3. Estimate the time it would take to search these cases for the filed Brady Notice (the correspondence) and any other accompanying document supporting the notice.

Of the 35 officers, there were 1,950 electronic cases, 224 paper cases, and 42 paper and electronic cases, totaling 2,216 cases. It is estimated that 1,950 electronic cases would take about 5 minutes each to search, 224 paper cases would take 60 minutes each to search (we also house many cases offsite at a warehouse which would need to be transported here for review), and 42 paper/electronic cases which would take 65 minutes each to search. This would bring the estimated number of hours to handle this request at about 432 hours. As you can see, 432 hours at the current paralegal rate of $30.83 an hour would be quite costly. This e-mail is not to discourage public records requests, but only to illustrate the labor intensive work involved in such a broad request.

So, for $13,318.56, the “Gazette” could learn the names of the 35 officers. We asked the agency just send us the list of the 35 officers, and we would do our own digging. We were repeatedly told we’d still have to pay the $13,318.56 because there was no list, and they would have do the research.

Last Wednesday, I spoke by phone with Deputy State Attorney Walter Forgie and asked would he please provide the list. He told me he was not obligated to create a record and since there was no list, I’d have to pay the research fees to obtain the names.

I asked Forgie if prosecutors’ paralegals needed to spend 432 hours researching each case they had to determine if one of the 35 officers was a witness on any of their cases. No, he said, they are notified internally when they enter in witness names.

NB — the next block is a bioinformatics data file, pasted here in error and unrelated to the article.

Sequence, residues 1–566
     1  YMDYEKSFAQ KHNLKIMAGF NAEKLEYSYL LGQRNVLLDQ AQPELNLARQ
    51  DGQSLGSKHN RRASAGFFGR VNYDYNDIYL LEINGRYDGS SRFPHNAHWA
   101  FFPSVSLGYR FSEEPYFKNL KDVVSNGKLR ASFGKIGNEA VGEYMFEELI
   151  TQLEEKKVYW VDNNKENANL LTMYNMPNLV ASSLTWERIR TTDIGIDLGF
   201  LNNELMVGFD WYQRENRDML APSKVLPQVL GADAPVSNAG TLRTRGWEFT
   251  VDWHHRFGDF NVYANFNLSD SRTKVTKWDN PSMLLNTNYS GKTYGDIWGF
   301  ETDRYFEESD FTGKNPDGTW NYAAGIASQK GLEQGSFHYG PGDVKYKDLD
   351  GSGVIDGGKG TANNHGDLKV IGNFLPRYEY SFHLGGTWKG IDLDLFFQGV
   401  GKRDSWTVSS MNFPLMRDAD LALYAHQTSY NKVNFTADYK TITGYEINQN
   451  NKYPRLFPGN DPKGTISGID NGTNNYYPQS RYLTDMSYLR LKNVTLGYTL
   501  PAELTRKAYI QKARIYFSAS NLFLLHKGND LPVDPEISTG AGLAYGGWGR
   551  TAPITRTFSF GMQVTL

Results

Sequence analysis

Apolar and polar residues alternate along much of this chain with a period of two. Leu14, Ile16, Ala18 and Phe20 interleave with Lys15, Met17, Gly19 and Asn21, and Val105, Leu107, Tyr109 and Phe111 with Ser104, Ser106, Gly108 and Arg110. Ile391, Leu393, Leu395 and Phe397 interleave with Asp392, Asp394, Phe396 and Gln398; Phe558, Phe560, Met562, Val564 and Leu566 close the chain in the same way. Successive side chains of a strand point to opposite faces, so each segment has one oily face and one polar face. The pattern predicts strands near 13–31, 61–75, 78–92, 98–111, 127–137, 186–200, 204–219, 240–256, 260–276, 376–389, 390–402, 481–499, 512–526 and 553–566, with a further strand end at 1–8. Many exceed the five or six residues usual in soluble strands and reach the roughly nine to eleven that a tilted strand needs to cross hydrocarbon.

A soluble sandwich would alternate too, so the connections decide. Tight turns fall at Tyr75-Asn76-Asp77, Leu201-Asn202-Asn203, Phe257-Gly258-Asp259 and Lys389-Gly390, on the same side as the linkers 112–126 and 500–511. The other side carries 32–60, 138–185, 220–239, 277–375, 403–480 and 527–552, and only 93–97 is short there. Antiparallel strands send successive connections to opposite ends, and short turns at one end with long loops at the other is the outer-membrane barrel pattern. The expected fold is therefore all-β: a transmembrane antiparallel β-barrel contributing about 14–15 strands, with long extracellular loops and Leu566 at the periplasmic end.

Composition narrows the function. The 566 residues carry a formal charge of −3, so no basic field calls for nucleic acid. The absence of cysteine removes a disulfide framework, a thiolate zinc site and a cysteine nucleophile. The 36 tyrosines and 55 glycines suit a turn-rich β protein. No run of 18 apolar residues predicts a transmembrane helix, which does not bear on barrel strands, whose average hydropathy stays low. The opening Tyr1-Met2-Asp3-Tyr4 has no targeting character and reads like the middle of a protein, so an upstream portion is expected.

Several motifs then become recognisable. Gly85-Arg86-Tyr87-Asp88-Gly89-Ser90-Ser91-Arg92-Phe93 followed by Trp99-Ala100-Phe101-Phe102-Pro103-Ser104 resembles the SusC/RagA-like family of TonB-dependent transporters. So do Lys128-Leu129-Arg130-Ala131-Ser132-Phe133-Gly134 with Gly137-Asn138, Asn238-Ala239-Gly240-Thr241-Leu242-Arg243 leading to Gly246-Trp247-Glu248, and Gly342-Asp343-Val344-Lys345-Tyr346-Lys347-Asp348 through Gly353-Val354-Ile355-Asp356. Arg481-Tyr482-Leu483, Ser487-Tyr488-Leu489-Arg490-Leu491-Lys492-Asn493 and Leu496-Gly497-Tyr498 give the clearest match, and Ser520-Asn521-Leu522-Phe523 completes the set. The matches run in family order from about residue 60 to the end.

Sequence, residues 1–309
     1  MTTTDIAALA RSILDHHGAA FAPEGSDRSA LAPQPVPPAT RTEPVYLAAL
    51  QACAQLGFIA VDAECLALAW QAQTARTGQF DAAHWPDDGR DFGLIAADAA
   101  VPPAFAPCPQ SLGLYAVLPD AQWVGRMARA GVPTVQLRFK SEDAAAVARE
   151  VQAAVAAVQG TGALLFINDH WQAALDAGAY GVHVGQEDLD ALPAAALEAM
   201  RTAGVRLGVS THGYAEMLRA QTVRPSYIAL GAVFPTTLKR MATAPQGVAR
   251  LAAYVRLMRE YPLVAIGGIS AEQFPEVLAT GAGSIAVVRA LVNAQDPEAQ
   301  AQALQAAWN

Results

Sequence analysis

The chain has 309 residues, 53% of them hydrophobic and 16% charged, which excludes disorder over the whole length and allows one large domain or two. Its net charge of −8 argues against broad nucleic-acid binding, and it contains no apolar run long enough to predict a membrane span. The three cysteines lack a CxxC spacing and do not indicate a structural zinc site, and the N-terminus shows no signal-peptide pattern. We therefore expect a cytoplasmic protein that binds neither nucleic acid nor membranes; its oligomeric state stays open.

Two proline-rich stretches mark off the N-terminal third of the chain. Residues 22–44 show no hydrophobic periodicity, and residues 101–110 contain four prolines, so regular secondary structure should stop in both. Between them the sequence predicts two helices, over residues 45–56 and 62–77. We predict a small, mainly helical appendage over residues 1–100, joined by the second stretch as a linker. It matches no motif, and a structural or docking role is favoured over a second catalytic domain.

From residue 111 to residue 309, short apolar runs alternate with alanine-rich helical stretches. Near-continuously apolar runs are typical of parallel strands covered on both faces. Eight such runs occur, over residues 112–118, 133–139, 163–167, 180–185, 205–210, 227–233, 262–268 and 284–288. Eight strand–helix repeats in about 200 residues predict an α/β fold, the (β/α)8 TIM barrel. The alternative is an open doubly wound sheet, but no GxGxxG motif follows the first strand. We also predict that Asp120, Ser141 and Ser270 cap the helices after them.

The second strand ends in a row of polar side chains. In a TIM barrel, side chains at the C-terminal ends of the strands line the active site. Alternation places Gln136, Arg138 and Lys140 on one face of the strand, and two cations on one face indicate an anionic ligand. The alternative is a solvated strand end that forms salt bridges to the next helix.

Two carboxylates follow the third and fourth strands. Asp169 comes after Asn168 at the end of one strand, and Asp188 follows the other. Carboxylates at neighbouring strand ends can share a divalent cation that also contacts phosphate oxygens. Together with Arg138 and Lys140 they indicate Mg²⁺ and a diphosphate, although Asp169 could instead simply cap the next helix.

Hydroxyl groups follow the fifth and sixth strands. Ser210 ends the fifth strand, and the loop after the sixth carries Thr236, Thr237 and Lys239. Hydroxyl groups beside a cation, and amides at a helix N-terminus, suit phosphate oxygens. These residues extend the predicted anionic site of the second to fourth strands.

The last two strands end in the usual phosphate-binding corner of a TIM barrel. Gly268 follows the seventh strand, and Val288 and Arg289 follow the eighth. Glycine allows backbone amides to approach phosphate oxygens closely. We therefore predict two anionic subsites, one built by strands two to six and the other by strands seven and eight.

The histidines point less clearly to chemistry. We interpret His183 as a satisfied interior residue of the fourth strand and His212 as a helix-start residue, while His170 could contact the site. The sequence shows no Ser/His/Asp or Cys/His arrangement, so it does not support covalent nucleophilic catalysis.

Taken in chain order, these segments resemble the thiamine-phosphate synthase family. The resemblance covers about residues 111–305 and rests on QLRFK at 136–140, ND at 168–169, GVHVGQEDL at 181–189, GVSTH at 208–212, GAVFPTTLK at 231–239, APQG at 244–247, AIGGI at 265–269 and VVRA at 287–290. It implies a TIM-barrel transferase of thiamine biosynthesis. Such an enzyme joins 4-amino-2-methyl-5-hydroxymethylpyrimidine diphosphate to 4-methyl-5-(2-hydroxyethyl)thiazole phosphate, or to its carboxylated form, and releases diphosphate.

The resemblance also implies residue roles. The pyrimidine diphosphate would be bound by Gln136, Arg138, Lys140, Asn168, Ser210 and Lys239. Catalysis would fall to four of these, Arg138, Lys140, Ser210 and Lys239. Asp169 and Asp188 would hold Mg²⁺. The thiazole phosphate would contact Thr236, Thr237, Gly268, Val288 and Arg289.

Forgie agreed that electronic data is a public record. I resubmitted my public records request last Thursday, March 7, and they have indicated they are still working on it.

There are some state attorneys who recognize the impact dishonest cops can have on their ability to prosecute cases, and they have published the names of these officers to put the public on notice and no doubt to put political pressure on law enforcement agencies to keep their ranks clean.

Our state attorney’s office says they don’t even have a list. It’s a group of 35 names that only a software company is holding somewhere.

Florida Attorney General Ashley Moody, in her introduction to the 2024 Sunshine Law Manual, an essential book for anyone trying to obtain records, said, “The Founding Fathers of our country recognized this fundamental truth during our nation’s infancy, and it remains just as valid today.’’

We agree with Moody.

The only way Florida can once again be considered a leader in Government in the Sunshine is for the public to demand that elected officials be transparent and for voters to push out those who do not have a strong commitment to keeping the government open and honest.

Again, as Moody appropriately quotes James Madison: “Knowledge will forever govern ignorance; and a people who mean to be their own governors must arm themselves with the power which knowledge gives.”